Thought that this article that appeared in the Telegraph maybe interesting fror those of you planning a trip to Bordeaux.....
Kick off at the Tourist Office (12 Cours du XXX-Juillet) - an early coffee at the Café Napoleon III almost next door will put you in the right, wood-panelled frame-of-mind to tackle the Triangle-d’Or, Bordeaux’s show-piece centre. Here, colonial trading wealth ripped out medieval squalor to replace it with avenues, stately open space and neo-classical declarations of Bordeaux’s belief in the rightness of riches. It’s a stunning 18th-century ensemble which compels decorous behaviour. This is also where the posh shops cluster, so keep a tight grip on wife and credit card. And so, via the Place-des-Quinconces, to the riverfront, now a breathing space of greensward, promenades, rescued warehouses and conviviality. Walk upstream to the Palais-de-la-Bourse, the stock exchange in the days when merchants had wigs and standards, and expected splendour.
Lunch right here, at Le Gabriel (10 Place de la Bourse; 0556 300080, www.bordeaux-gabriel.fr). A two-course bistro midday meal costs €21.
Plunge into the ancient urban tangle of the St Pierre district directly behind. The message of fine old churches dissipates fast amid a throbbing warren of medieval streets and comely little squares, fringed with bars, restaurants and (especially on Rue Ste Cathérine) shops which normal people can afford.
You deserve dinner at Le Chapon Fin (5, Rue Montesquieu; 0556 791010, www.chapon-fin.com, menus from €60). The extraordinary interior-rockery décor has hosted presidents and divas and so is clearly right for you. Then wander back to the St Pierre district for a nightcap at any of several zillion bars. The baroque décor of La Comtesse (25 Rue-du-Parlement-St-Pierre) always suits me, though I’m twice the age of other customers.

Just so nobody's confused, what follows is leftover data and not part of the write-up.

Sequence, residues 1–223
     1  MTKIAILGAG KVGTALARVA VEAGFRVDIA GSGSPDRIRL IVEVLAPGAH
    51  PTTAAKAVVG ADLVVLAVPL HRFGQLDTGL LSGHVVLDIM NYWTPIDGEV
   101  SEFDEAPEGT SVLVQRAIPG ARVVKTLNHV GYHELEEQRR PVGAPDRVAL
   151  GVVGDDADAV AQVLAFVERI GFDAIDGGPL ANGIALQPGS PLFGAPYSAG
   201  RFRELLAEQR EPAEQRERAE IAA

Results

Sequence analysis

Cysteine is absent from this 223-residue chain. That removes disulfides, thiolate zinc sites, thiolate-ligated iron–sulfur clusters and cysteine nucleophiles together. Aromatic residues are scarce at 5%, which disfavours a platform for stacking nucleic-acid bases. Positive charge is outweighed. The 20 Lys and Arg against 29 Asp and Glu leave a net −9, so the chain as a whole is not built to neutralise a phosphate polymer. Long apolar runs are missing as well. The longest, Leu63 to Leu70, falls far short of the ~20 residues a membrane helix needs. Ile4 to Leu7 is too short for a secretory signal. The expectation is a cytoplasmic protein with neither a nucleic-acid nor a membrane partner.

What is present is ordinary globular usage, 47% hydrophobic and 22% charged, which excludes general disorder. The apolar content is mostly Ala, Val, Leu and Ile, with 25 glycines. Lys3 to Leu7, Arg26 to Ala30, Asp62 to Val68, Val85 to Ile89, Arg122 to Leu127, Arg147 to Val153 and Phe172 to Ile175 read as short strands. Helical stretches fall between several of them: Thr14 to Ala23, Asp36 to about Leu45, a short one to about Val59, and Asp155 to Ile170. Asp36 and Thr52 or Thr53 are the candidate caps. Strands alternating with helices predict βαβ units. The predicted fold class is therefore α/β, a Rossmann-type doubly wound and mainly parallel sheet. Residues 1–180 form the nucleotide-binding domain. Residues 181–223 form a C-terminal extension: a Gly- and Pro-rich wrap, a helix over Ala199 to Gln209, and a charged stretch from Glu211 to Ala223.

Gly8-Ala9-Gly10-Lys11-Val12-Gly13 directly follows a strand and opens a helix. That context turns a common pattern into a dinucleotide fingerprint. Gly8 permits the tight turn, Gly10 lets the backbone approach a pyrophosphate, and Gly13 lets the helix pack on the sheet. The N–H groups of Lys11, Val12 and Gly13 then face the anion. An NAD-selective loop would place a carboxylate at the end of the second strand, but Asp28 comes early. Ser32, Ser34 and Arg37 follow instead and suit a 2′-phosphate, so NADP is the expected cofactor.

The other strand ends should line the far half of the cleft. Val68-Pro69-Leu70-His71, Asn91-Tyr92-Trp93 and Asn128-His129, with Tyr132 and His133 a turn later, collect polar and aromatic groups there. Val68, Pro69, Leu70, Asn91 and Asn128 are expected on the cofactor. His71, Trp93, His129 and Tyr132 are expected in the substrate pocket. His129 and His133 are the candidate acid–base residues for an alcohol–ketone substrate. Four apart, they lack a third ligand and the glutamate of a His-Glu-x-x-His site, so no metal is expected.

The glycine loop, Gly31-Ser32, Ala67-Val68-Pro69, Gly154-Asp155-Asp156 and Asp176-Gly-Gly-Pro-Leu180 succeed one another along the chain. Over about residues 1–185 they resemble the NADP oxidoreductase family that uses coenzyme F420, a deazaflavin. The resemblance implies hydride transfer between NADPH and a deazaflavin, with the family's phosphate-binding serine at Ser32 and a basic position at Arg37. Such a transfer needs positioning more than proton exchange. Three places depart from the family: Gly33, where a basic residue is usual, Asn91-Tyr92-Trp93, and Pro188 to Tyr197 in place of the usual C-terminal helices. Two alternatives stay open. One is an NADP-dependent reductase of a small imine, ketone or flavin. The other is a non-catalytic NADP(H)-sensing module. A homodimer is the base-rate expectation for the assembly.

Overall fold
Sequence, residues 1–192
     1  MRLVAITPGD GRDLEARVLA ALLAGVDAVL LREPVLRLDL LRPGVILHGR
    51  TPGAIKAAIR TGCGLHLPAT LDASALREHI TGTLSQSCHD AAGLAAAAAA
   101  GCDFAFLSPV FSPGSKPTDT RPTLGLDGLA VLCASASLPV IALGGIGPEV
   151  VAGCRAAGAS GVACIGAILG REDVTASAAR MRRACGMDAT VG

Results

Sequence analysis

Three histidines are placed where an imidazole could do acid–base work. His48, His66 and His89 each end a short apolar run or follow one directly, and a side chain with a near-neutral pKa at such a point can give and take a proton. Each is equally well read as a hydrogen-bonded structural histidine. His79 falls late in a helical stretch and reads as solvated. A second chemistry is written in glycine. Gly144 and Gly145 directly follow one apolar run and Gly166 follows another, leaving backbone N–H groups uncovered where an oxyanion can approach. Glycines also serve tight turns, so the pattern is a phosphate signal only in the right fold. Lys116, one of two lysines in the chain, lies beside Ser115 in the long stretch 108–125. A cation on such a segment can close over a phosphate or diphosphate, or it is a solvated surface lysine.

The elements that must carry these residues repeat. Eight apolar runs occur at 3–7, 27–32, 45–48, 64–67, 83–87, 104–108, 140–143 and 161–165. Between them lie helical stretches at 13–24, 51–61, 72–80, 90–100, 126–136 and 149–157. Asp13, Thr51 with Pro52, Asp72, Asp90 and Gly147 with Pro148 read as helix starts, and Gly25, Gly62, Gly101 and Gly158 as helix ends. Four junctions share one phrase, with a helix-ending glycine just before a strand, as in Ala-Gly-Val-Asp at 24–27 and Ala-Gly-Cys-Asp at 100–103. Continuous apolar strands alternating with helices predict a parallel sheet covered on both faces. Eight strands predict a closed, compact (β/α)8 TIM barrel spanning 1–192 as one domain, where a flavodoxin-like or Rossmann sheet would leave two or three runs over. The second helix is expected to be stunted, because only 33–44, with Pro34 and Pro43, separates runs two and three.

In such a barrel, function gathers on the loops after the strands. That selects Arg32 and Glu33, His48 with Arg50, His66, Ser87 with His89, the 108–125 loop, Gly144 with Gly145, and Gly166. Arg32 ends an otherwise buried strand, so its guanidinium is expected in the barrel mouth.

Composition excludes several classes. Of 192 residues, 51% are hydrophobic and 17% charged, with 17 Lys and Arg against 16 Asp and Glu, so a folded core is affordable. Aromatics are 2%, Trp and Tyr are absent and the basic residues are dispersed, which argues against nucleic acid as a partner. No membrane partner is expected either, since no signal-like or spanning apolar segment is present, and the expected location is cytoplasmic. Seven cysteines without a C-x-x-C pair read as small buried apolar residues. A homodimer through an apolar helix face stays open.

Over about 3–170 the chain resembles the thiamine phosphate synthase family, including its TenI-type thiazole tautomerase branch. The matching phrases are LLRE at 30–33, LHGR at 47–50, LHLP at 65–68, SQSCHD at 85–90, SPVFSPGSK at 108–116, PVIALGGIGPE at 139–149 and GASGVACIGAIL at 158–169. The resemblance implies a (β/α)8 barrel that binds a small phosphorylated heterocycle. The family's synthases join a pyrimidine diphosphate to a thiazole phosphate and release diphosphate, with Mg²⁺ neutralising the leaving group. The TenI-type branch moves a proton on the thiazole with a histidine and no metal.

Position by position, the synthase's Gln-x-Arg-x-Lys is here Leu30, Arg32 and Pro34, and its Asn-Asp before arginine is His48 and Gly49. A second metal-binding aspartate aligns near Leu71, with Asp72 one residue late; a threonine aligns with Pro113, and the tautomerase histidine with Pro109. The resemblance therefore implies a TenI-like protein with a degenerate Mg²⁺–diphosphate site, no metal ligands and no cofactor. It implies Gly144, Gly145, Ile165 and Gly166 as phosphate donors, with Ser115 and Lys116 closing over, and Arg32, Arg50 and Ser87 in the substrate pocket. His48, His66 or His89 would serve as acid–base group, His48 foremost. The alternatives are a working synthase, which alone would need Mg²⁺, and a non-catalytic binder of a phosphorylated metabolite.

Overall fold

Start south of the centre, before the 12th-century façade of Ste Croix church, on Place Renaudel. It’s a most pleasingly peaceful spot. There’s something medieval in the way flea markets, bric-à-brac and hallal butchers gather round the flamboyant Gothic church of St Michel and its free-standing spire.
Continue to Rue Rousselle, hub of the salt-fish trade. Sixteenth-century philosopher Montaigne lived at N°25. His dad was in pickled herring. Now up Cours Alsace-et-Lorraine to the magnificent St André cathedral and its independent tower, both built when the English ran Bordeaux (though we didn’t put the golden Virgin on top). The nearby Musée d’Aquitaine (20 Cours Pasteur, www.bordeaux.fr, free) has a superb historical collection, from the Romans through to today. If you visit only one museum in Bordeaux, this is it.
At the Bistro-du-Musée opposite the cathedral (37 Place Pey-Berland; 0556 529969, www.lebistrodumusee.com, two-course menu of the day, €13.50).
Amble to the riverfront and hop a tram downriver to the Chartrons district. First job: get the shopping out of your system in former riverside warehouses converted to shiny factory shops (www.quaidesmarques.com/bordeaux). Then explore the Chartrons. Seventeenth-century English, Irish and Flemish wine-merchants set up business here, outside the city walls, because city-fathers wouldn’t tolerate them in the centre. The district is now a mix of fine wine houses, narrow workers’ streets and bohemian overtones. Meanwhile, the Musée d’Art Contemporain (7 Rue Ferrère, www.capc-bordeaux.fr, €5) has everything, from the terrific to the incomprehensible, which you expect from good contemporary art museums.
Dine back towards the Ste Croix church in the tiny Rue Porte-de-la-Monnaie where chef Jean-Pierre Xiradikis has established an empire of five eateries, from a simple café-bar to top-of the range La Tupina. The latter has been bringing south-west farmhouse cooking into town for years (0556 491555, www.leportdelalune.com, dinner from €60). Then nip to the Quai-de-Paludate. At N°58, the Comptoir-de-Jazz is the mature choice for live music and a glass or two